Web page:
The History of Wider Horizons and Villages
The Life of Wider Horizons
When we launched Wider Horizons in June 2015, we knew immediately that Central Seattle would embrace this innovation in aging services.
This village was the product of four years of research, planning, workshops, conferences, strategy sessions and site visits. Initiated and supported by Horizon House, a Seattle continuing care retirement community, the nascent village grew into being through the wisdom and skills of some of the region's top experts in aging. Sixty-five residents had joined the village before it even launched, and dozens more showed interest.
Two other villages were thriving, but neither served Central Seattle. The time was right. It still is.
Our 80+ members are already making the most of the Village, forging connections, engaging in activities, using services, and volunteering in our community. We are building a strong network of mutual support that includes volunteers, providers, interest groups, parties and camaraderie galore.
The History of Villages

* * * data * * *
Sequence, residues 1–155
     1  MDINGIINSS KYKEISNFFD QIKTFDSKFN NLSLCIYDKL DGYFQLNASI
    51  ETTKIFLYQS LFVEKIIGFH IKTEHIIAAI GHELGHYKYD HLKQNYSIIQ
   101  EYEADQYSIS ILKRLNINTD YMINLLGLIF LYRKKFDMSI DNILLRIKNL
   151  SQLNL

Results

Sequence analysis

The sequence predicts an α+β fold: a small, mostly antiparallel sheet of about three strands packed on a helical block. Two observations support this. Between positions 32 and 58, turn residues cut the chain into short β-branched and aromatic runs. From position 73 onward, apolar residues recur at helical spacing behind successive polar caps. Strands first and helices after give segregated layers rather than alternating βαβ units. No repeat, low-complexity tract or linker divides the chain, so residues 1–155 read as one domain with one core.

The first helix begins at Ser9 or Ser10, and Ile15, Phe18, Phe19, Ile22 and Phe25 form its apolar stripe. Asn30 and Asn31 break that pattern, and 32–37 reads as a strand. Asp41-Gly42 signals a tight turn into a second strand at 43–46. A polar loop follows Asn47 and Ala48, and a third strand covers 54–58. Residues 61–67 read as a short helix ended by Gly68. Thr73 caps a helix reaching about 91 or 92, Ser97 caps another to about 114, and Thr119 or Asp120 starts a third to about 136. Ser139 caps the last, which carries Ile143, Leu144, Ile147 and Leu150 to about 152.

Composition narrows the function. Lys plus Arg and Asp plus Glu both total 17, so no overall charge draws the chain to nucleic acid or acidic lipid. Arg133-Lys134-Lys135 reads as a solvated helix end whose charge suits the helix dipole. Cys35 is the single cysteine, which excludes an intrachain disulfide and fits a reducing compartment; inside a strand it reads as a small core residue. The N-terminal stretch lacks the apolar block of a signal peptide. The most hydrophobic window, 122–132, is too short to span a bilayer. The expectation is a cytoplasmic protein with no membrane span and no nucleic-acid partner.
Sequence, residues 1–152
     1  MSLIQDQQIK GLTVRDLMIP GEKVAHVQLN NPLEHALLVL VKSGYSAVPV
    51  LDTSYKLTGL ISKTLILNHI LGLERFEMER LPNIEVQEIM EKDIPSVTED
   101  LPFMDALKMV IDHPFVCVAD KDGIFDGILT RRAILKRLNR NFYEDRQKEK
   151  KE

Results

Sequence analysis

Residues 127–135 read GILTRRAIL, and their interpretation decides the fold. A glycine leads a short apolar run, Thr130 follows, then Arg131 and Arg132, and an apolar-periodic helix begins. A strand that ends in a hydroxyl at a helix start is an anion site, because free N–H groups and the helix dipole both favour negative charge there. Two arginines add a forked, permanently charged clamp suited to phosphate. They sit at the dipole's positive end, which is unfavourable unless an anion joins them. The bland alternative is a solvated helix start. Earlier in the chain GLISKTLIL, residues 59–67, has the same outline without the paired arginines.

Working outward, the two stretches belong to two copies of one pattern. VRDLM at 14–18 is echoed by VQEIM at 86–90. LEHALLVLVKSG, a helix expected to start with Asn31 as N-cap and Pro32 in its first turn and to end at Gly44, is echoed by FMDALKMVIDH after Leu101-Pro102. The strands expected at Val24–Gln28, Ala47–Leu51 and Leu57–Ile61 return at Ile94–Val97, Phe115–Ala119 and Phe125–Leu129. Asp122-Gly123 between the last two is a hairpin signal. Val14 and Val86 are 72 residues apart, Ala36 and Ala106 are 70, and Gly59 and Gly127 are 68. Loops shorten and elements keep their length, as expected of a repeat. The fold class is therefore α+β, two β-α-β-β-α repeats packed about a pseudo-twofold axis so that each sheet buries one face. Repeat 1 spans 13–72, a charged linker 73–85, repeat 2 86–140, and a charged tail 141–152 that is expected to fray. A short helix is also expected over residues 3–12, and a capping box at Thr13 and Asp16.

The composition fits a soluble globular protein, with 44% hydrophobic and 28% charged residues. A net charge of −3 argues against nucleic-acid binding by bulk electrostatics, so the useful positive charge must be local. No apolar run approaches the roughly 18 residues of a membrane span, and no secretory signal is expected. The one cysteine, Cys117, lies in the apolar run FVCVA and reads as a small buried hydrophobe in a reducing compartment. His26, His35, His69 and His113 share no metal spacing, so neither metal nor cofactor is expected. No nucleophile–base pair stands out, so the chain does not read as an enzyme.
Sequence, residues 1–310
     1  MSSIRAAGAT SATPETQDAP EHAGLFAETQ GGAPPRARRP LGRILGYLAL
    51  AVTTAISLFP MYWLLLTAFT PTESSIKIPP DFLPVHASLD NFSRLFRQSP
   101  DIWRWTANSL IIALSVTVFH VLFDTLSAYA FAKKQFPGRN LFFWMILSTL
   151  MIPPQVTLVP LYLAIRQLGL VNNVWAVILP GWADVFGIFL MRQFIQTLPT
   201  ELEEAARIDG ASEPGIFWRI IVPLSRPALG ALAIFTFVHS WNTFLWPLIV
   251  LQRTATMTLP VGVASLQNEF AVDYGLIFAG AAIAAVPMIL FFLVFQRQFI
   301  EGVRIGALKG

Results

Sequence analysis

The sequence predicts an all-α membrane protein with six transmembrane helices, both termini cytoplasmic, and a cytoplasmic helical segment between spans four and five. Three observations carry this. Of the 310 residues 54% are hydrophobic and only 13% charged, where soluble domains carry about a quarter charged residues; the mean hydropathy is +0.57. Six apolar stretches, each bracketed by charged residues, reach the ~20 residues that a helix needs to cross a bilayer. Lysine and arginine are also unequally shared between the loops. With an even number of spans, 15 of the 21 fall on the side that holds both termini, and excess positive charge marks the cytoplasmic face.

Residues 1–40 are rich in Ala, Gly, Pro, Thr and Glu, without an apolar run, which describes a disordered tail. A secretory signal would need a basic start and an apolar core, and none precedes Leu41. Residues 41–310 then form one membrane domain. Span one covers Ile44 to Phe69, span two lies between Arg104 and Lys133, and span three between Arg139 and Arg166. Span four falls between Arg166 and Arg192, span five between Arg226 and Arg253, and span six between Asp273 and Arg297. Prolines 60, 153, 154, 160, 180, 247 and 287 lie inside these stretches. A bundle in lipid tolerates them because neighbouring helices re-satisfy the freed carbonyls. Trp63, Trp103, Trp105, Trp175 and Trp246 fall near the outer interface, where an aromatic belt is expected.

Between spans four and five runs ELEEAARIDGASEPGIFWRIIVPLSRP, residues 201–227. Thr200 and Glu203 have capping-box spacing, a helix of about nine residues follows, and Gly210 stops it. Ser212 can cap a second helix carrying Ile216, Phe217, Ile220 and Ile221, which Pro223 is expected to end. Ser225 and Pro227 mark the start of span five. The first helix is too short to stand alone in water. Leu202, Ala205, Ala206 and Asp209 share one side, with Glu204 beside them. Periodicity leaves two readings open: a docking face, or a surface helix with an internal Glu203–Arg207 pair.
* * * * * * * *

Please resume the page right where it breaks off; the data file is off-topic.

The idea of building a member-driven community dedicated to aging at home began in Boston, MA, in 2002, and has spread to hundreds of communities throughout the US. These villages range in size from 25 to 900 people. Most are incorporated as non-profit organizations. Most have some staff; some are operated entirely by volunteers. Virtually all emphasize offering “Volunteers First” over supplying paid providers.
Many people have family members willing to help, but the reality is that families cannot be there for everything or all the time. One prevalent attitude among village members is that they would like to enjoy their children and grandchildren rather than relying on them for everything.
The creation of a village allows members to build community, support each other, and develop necessary connections to resources, often at reduced costs. Each member contributes to the vitality of Wider Horizons through annual dues; most volunteer in meaningful ways.
Wider Horizons is a proud member of the Village to Village Network, which helps communities establish and manage their own aging in place initiatives called Villages.